I drove 3 hours, about (180 miles) to view the launch attempt at Wallops Flight facility in Virginia, Thursday night, March 22/23, 2012. Weather has been insane across much of the country, but this night seemed worth the trip. With clearing in the forecast, I left Pennsylvania around 8:45pm and arrived on Assateague Island National Seashore around midnight. The weather was perfect for the first 45 minute’s, then some clouds started to pass through. I really wanted this to happen after driving a good distance, but as the skies cleared another issue came up and the launch was cancelled. I would be lying if I said it didn’t bother me, but I made the best out of the trip. I continued to shoot through the night working on some personal projects. I started to see a few meteors  fall from the same location in the sky.  I ended up catching this falling star between the clouds in the early hours of Friday morning. Seeing a few meteors really made the trip worth it, and catching one on “film” made it even better. New meteor shower discovered?  The point is you can predict all you want, but there will always be unseen issues and surprises along the way, and you won’t know what they will be until you put yourself out there. I plan to capture the mega launch of 5 rockets in 5 minutes again this week.  The skies will be clear as weather patterns are shifting, bringing in a new wind. Lets hope that the ” planets will align” this week and give us what everyone has been waiting for!

WARNING! Sunset Sky Show Tonight!

Sunset Sky Show -  The Crescent Moon, Venus and Jupiter

Sunset Sky Show - The Crescent Moon, Venus and Jupiter

For the second night in a row we will be able to witness a Celestial Triangle in the western skies around sunset.  Tonight, (Feb. 26th, 2012)  the Moon and Jupiter will be near to each other with Venus shinning bright just below them. The clouds and 50 mph wind gusts last night worried me some,  but the weather worked out perfectly. The clouds actually added a little flavor to this photo.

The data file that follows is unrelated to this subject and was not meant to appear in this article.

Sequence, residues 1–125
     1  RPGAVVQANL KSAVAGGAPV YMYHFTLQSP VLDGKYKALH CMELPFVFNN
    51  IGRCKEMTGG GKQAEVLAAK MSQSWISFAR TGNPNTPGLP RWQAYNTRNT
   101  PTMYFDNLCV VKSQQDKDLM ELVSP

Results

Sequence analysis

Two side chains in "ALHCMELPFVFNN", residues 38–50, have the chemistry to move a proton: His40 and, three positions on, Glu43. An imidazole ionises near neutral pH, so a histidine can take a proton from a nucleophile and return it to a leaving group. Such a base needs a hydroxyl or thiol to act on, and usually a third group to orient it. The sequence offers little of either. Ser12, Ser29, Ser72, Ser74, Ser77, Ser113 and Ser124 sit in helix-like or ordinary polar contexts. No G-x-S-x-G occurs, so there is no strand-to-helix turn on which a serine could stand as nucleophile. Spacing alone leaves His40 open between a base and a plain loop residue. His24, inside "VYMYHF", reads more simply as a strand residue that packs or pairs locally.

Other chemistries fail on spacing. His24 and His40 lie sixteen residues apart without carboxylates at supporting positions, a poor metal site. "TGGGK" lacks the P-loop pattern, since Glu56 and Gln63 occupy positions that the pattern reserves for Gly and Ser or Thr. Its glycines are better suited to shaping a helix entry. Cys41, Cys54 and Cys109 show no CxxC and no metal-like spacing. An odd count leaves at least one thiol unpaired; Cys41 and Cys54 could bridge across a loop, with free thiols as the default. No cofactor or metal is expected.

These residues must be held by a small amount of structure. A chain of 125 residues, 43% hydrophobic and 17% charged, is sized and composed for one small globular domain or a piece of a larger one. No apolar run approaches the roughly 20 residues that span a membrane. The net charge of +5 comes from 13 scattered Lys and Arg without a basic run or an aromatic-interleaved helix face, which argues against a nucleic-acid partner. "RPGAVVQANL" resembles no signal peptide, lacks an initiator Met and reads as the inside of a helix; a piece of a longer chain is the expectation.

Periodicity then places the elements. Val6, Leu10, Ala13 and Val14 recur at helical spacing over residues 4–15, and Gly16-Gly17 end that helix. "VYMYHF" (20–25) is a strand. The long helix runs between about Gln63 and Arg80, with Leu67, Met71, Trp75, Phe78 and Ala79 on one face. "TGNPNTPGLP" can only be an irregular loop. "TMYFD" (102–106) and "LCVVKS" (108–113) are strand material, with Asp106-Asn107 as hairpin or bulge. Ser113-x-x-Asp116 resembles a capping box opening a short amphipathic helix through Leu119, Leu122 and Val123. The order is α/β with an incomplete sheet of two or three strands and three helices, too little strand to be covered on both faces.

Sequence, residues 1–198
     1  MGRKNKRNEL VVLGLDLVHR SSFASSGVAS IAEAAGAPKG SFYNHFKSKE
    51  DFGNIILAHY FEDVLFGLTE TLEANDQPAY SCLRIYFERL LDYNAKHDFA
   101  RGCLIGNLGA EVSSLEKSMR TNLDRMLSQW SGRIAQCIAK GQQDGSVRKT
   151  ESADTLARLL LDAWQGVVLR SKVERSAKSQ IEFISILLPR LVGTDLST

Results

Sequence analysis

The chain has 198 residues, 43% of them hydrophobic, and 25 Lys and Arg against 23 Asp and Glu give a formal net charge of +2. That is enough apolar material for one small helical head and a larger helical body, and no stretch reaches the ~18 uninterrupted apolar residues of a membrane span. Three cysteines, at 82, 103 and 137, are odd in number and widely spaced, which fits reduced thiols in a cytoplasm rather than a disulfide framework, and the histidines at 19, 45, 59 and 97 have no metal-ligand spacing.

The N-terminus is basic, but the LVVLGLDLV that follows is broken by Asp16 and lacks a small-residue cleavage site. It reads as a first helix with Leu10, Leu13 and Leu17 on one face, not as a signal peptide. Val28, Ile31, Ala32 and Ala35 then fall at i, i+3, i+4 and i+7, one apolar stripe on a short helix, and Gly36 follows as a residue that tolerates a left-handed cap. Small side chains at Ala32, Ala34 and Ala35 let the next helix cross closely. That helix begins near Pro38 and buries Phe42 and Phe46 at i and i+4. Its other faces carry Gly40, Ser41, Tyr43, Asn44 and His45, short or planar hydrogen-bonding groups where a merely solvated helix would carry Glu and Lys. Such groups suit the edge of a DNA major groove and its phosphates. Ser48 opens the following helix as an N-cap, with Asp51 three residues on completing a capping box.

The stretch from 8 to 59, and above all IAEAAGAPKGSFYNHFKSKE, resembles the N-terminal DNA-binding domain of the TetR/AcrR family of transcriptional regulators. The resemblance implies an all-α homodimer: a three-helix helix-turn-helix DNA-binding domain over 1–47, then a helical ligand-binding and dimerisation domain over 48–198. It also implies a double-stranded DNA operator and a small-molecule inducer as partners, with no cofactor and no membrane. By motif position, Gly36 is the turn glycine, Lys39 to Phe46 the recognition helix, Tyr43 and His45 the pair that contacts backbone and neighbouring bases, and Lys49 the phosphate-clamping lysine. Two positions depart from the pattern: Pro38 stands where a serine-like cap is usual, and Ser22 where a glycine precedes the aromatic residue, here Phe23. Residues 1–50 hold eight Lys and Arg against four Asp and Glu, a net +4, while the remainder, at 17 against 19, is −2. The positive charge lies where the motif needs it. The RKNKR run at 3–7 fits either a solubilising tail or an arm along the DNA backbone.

Where should you look tonight?
 
Look to the west just after sunset and you will see the “trio” piercing the sunset colors.  The best time is to check it out is 15 – 30 minutes after sunset.  The ambient light is much lower making the objects really stand out.
 
 
 
**UPDATE**   –      February 26th, 2012   –   “THE REUNION”
 
I decided to head out again Sunday night for a follow up appointment with the celestial triangle. I did some time lapse photography and still last night. The video will be available shortly. Here is a photo from the “firepit” last night.  The exposure is a couple hours long. Note all of the air-traffic.
 
 
 
Firepit and Celestial Triangle

Space Shuttle Discovery’s Last Transit Over the United States

Photo of the Day: 3.10.2011

Discovery’s Final Transit  

3.8.2011  –  7:23:24pm to 7:25:49pm EDT.  Chester County, PA

It’s was upsetting to know that Tuesday night would be the last time to see the Space Shuttle Discovery in the night skies over my town. I was 4 years old when Discovery first launched in 1984 and it’s sad to see something I’ve known for so many years retire. I have only seen it once in person when I was very young, but yet there was something about that visit to the Kennedy Space Center that inspired me. I can still picture clearly the Discovery being slowly rolled out to the launch site as a kid in the 80’s and I feel very fortunate to be able to photograph its final transit last night. The clouds parted briefly allowing me the two minutes I needed for this shot. I think the clouds added some interesting colors to the image and the crescent moon was a special bonus on a special night. The space shuttle Discovery and the ISS sweeping by the Pleiades with the hanging crescent moon and moon corona setting in the west. You can’t beat that for a farewell to almost three decades of service and 39 missions under the belt. Hope you enjoy this image as much as I enjoy creating it.

 Thanks Discovery! You will be missed!